The value of an index and of free search

The Exact Editions platform makes it easy for publishers to offer free searching of their titles. The publisher can decide how ‘restrictive’ the search results will be, but even on the most restrictive view, the search results can be quite informative. For, example if you search in Debrett’s Peerage and Baronetage on your own name, (click on the Debretts link if you wish to see any of the links which follow) you will find out whether you have aristocratic connections. As I expected, the Hodgkin links to the aristocracy are very tenuous. But a search for ‘Thatcher’ gets 19 hits, mostly for Margaret, which shows that she made quite an impact on the higher echelons of British society.

Searching Debrett’s Peerage is a free offering. It should be a useful first step for any keen family historians and amateur genealogists. The publishers are happy to provide limited free research because the snippets with which the results are presented are helpful, but do not give the game away. Here is one of the 19 fragments which the ‘Thatcher’ search threw up:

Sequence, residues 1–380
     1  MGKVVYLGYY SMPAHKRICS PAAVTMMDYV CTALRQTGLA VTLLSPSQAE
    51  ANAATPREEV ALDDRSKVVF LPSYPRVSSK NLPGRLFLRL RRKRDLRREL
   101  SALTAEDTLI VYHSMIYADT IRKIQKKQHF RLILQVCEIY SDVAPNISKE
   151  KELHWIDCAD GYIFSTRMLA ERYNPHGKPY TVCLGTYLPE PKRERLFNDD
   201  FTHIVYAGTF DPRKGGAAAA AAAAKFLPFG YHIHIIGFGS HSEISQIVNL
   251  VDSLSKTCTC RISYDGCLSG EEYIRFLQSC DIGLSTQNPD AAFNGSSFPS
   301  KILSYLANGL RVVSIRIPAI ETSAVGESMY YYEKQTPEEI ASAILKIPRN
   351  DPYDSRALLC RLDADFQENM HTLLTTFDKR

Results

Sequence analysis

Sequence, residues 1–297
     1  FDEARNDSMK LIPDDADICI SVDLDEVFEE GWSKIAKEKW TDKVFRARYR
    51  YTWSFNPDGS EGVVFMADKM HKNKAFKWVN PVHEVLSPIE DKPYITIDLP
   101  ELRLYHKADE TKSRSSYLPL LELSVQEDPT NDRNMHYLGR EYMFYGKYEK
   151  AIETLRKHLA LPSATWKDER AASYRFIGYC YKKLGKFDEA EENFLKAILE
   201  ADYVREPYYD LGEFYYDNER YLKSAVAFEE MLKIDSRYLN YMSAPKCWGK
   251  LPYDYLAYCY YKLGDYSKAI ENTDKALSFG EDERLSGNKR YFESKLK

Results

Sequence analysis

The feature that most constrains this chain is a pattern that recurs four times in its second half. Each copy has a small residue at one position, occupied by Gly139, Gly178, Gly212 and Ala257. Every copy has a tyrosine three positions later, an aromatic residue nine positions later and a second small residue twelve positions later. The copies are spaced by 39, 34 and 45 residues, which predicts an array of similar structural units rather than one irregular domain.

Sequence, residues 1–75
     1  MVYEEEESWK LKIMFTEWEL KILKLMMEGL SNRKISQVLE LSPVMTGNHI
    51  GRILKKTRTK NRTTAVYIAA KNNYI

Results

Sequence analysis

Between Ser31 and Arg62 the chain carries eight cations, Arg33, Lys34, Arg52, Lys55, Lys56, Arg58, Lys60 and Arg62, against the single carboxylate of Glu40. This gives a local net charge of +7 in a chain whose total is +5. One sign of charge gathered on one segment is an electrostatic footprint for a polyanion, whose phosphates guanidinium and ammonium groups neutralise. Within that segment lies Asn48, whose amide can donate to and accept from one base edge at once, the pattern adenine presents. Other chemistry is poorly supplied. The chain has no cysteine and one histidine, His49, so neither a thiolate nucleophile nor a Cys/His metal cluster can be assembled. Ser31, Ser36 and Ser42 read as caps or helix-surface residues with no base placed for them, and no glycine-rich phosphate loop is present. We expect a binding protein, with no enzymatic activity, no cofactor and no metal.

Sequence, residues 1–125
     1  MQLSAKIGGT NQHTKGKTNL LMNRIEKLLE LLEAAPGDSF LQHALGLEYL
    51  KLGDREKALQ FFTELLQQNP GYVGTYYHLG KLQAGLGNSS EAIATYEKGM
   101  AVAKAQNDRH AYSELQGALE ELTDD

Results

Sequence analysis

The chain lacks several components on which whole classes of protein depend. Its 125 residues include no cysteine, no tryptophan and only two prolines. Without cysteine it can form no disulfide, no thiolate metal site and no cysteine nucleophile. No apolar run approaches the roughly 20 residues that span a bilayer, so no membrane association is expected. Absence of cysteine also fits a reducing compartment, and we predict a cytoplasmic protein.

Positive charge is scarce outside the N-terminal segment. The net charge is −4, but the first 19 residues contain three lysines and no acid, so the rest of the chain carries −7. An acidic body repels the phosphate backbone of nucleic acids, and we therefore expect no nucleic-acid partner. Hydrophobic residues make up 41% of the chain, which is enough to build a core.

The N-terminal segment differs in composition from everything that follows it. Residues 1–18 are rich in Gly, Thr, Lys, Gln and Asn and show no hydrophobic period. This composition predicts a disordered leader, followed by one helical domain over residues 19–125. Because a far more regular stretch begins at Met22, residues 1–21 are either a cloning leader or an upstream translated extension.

That is a very small fragment of a page, but the selection of JPEG fragments which come with any search should in most cases be sufficient to alert the family historian to some basic guidance and, if a vein of blue blood is struck, the possibility of consulting the book in a library, or to obtaining a subscription.

Now comes the difficult part. How does the publisher alert the public to the fact that this limited but useful free service is now available? That is the challenge of the web….

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